Task-specific resistance training adaptations in older adults: comparing traditional and functional exercise interventions

Review written by Dr Mariana Wingood info

Key Points

  1. Annual reduction in muscle strength starts at 1%/year at year 30 and increases to 3%/year at age 70. Age-related strength reduction can be decreased and reversed through appropriate strength training programs.
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BACKGROUND & OBJECTIVE

Without performing regular strength training, an individual’s strength starts decreasing at the age of 30 by 1% annually and by 70 that % of annual reduction increases to 3% (1). This leads to increased difficulty performing household work, using public transportation, carrying groceries, climbing stairs, standing from a chair, frailty, falls, co-morbidities, and elevated all-cause mortality. Thus, it is recommended that older adults perform strength training at a moderate-to-vigorous intensity twice per week (2). Most resistance training guidelines for older adults are based on free-weight and machine exercises which may be inaccessible and lack carryover to activities of daily living (2).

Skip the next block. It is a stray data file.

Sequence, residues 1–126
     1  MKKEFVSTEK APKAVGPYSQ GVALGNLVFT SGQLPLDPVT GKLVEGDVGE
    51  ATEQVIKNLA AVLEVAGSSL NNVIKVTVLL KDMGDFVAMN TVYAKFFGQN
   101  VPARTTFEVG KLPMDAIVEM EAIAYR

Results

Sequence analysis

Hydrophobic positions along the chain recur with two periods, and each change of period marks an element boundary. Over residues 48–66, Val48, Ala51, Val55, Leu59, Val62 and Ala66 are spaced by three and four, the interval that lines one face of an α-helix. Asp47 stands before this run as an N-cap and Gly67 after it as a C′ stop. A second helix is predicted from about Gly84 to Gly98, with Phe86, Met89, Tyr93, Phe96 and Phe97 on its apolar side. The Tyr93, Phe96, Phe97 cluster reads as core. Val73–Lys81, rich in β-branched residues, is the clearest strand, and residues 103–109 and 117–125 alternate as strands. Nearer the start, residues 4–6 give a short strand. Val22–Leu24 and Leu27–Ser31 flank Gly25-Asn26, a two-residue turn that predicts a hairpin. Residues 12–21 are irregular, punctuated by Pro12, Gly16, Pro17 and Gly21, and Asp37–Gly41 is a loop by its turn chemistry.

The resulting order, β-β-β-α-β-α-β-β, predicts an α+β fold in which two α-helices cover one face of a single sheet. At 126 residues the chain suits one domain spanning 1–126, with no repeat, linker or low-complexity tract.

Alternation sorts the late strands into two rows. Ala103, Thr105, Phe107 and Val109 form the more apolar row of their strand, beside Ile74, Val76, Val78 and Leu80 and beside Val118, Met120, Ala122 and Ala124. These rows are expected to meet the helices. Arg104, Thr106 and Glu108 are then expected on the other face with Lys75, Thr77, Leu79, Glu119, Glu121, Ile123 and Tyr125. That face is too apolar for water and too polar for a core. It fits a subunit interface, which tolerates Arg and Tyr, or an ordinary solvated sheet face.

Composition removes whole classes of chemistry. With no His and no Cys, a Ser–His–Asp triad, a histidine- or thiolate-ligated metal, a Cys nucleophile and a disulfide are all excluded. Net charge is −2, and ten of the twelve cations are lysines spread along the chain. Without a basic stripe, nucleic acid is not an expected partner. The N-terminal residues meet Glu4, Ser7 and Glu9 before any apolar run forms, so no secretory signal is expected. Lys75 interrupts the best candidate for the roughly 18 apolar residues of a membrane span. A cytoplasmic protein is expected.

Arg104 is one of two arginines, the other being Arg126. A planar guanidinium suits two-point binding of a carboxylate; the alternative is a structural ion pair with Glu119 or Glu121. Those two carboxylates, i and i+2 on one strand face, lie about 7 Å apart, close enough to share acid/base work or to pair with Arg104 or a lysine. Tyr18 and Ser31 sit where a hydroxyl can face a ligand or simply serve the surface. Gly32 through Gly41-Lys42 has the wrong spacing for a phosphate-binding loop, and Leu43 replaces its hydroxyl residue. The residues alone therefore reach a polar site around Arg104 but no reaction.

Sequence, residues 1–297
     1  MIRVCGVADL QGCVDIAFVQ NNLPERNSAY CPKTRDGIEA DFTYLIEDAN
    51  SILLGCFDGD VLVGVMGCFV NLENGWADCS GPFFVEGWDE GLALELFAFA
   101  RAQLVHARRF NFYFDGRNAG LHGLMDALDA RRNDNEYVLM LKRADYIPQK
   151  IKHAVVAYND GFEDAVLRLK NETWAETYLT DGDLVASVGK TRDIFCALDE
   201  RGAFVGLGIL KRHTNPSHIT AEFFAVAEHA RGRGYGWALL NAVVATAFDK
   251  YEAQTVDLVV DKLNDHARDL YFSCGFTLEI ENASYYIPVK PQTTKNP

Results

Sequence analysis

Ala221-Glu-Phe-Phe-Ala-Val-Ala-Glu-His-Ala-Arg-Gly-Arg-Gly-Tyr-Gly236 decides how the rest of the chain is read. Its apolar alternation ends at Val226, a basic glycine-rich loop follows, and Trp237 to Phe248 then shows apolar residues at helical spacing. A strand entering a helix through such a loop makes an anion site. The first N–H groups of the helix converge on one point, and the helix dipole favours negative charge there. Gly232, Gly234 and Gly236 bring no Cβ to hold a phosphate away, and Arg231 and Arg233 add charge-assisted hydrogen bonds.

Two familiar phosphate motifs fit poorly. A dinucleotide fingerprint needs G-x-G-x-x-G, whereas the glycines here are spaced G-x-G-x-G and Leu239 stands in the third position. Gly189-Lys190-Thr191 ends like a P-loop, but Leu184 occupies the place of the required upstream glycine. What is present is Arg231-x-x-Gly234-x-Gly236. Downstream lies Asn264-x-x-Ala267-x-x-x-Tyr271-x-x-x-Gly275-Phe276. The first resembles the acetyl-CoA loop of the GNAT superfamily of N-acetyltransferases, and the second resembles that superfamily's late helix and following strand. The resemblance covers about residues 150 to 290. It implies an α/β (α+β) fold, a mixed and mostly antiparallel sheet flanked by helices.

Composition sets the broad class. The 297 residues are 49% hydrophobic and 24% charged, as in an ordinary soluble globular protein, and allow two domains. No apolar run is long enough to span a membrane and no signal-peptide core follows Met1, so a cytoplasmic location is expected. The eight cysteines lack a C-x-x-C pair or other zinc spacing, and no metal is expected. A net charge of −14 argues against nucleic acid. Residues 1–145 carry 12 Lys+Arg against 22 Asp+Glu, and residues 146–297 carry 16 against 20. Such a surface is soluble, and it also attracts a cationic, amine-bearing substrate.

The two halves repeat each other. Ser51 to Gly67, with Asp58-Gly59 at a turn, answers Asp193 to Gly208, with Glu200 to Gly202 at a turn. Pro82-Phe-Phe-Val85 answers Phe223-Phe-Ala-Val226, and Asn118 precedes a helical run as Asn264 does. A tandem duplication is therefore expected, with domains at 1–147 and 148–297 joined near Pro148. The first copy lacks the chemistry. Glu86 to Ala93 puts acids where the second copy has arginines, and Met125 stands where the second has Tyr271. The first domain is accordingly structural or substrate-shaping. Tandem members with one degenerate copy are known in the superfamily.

The objective of this study was to examine if resistance training adaptations in older adults are task specific.

Without performing regular strength training, an individual’s strength starts decreasing at the age of 30 by 1% annually and by 70 that % of annual reduction increases to 3%.
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Task specificity of exercises among older adults is an important consideration when providing an exercise program.

METHODS

Design: 6-week, randomized pre-test/post-test design.

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